When I say “stimuli,” I mean drug exposure during abstinence or stress during abstinence or even exposure to the context or cues that were paired with the drug in the past. Those three different categories of stimuli create a brain change in the chronic-drug mice that doesn’t happen in drug-naive mice. If we could pinpoint and control the exact area of that change, we could prevent it from taking control of behavior. And that could really make a difference for people. 

So we’ve got a laser focus on the relapse part now.

MP: Can you explain how you recreate drug relapse in a mouse? Mice aren’t people, obviously, and I’m trying to imagine how a mouse would relapse to drug use.

MT: It’s amazing how the behavioral patterns of mice mirror that of people.

MP: So you’d be giving a mouse a regular does of morphine and then suddenly you cut off the morphine. And the mouse’s reaction is, “I’ll do anything for the morphine.”

MT: Initially, the mice will work for the morphine, but when they realize they can’t get it, they sort of give up. And then it is pretty difficult to tell the difference between a drug-treated mouse and a regular mouse.

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The drug-treated mice may be miserable initially, but after they are all hanging out together for a time, eventually you can’t tell the difference unless you probe them with a stimulus that was paired with the drug in the past or the drug itself or stress of some sort.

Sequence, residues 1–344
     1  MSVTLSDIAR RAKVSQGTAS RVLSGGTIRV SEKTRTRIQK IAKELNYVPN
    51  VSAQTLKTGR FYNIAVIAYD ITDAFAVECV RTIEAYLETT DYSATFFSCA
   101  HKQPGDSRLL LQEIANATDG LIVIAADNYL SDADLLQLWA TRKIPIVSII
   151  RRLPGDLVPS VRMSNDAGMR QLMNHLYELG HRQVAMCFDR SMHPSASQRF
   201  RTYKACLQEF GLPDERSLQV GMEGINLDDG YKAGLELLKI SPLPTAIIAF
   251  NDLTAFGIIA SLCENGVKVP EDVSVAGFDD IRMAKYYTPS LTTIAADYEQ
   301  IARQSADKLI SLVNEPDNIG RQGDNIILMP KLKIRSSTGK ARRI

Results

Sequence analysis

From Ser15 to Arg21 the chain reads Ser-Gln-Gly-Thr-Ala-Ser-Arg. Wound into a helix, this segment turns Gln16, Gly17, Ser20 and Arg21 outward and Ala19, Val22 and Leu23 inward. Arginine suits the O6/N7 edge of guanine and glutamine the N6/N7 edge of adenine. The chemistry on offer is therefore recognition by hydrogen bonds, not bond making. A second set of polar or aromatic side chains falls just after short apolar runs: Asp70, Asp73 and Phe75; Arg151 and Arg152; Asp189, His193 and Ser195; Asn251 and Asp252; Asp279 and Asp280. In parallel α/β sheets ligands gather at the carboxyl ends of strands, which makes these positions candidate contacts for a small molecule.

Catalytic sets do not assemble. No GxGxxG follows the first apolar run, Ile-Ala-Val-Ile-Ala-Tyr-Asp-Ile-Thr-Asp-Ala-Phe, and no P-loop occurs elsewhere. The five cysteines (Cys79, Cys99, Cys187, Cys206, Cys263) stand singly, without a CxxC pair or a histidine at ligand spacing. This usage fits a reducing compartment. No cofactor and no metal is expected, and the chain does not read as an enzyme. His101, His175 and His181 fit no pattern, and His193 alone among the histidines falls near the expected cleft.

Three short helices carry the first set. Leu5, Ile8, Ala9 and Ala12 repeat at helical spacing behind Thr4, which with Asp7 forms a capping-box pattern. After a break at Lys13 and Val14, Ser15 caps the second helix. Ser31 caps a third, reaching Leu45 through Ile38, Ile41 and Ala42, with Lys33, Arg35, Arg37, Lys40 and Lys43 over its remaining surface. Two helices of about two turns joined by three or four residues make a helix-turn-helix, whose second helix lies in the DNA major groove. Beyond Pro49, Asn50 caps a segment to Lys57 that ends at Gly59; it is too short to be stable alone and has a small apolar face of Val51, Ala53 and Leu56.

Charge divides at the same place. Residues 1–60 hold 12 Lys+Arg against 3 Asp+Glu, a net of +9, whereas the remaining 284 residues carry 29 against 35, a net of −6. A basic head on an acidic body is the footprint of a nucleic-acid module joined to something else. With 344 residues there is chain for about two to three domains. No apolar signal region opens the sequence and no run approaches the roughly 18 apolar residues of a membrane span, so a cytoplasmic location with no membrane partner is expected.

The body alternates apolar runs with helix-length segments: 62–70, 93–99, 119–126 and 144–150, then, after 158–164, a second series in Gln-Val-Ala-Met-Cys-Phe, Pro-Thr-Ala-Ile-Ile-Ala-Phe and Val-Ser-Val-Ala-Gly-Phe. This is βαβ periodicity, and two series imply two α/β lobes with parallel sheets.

Then the drug-treated mice respond differently. If given the opportunity under of any of those trigger conditions they’ll immediately go back to looking for the drug again. So that’s the relapse in mice. That’s why we call it relapse because it really does create what we interpret as craving — hard to know for certain — but under stress, the drug-treated mice will clearly go back to seeking the drug again and the drug-naive mice won’t.

MP: How is this research applicable to human addiction?

MT: We think there is a trigger in the brain that gets switched by chronic drug use. So far what we’ve been doing in this study is changing brain activity just prior to delivering a drug again after abstinence. That has blocked the relapse response in mice.